Poetry and Old Wives’ Tales
The term “old wives’ tales” is meant to be derogatory, like so many phrases that make mention of women. I’m reclaiming it right this minute. I’m old, and I’m a wife. And I tell tales.
Some folk wisdom, once disparaged as old wives’ tales, is turning out to be true. Also, the trees can speak, you know.
And, they make good prompts if you’ve temporarily run out of ideas for new poems.
At the market, I can’t resist
the orchid sellers, or any hothouse beauty,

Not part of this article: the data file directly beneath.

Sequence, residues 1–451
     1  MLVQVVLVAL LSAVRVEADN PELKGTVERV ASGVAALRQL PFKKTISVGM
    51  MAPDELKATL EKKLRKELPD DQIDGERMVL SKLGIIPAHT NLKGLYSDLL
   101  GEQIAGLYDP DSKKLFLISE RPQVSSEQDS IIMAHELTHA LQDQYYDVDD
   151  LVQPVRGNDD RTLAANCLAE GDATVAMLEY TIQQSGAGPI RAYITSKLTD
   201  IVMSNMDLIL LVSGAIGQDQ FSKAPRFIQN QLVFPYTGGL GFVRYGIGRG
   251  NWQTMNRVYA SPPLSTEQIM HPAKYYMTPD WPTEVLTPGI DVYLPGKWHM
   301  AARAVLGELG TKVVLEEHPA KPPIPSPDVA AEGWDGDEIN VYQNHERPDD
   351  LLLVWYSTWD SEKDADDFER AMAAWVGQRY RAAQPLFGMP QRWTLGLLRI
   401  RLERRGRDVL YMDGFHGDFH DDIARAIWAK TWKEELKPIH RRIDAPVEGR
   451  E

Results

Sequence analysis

although I know the flowers
and their little open mouths
won’t last. Conditions in the outside world
don’t often favor anything so delicate.
Ask the dragonflies: did they invent
the stories told to evil, orphaned children?
Or tell us how the iridescent spike
between a pair of gauzy wings
can sew a naughty mouth right shut?
The orphan-master tells me
Your mother was a slut.
I run crying to the river,
where dragonflies pause
on bulrushes, a half-sunk oar, a kneecap.
Each wears sapphire, tourmaline, and wings
as intricate as Shetland lace.
I point to my lips, in case they can fix
the threads about to come unstitched.